Jones has recently been tasked by L.A. Mayor Eric Garcetti to serve as his administration’s Science Advisor on Seismic Safety. In this role, Jones is working to improve earthquake resilience for Los Angeles, including developing recommendations to upgrade the city’s water delivery infrastructure, firefighting capabilities, communications infrastructure and buildings.
“We need to talk about urban disaster resilience – meaning a society that still functions after the earthquake -- and that is a challenge,” Jones said. “It requires several different pieces. We need to be able to protect the lives of our citizens. We need to make sure that we can respond. We need to make sure we have the water to fight the fires. We need to make sure we have communications to support our emergency management. And we need to have a core critical capability to keep that going.”
But all that is easier said than done, and Jones described the complexity of solving these issues for the City of Los Angeles.
“We can’t solve everything,” Jones said. “So how do we approach this? We can’t do everything. What do we need to do? We’ve identified a set of critical infrastructure that has to be able to work to some extent to be able to keep going.”
Rob Freeman, Operations Division Chief at the City of Los Angeles Emergency Management Department, talked about the city’s new Emergency Operations Center, which is the focal point for coordination of the city’s emergency planning, training, response and recovery efforts.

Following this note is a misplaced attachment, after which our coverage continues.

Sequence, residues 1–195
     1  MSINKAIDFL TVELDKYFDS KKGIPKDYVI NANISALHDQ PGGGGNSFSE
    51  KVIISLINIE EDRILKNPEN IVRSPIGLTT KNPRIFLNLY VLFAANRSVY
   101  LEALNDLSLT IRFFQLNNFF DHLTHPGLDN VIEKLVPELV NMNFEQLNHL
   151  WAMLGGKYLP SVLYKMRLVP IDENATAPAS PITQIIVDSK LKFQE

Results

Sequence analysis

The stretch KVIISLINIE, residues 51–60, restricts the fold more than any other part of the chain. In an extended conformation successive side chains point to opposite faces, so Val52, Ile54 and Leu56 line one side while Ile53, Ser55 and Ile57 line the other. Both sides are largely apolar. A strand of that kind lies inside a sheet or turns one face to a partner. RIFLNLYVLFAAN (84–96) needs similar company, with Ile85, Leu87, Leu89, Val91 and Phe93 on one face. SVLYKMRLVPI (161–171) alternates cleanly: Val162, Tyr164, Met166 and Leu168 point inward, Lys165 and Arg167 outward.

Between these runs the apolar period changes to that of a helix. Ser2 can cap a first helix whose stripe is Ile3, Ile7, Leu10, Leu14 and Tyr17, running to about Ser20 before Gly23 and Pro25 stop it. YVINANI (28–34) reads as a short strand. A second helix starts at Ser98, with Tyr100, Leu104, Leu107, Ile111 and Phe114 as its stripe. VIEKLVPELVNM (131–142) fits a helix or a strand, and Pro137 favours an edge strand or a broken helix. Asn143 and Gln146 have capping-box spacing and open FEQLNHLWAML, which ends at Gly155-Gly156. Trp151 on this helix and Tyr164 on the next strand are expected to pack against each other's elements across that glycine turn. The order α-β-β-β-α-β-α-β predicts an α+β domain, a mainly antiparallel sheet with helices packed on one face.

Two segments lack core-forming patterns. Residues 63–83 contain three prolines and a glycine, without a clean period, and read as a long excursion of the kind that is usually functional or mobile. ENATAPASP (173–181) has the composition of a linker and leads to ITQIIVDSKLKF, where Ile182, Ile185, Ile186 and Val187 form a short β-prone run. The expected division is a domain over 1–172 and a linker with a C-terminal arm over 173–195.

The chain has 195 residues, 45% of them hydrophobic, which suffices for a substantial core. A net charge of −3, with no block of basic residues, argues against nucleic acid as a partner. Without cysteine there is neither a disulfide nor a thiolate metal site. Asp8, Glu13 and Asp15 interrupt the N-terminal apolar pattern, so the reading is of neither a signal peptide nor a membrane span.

“We are the lead in the recovery process in the city, so we try to create mechanisms for transferring rapidly from response to recovery,” Freeman said.
Jeff Reeb, Director of Emergency Management at the Chief Executive Office for the County of Los Angeles, said that the government’s response capabilities must be matched by citizen preparedness.
“My message is to encourage people to be self-reliant in their own homes, then think about your neighbors on the street. Resiliency has to start at the very local level -- like your doorknob level -- and then go from there,” said Reeb.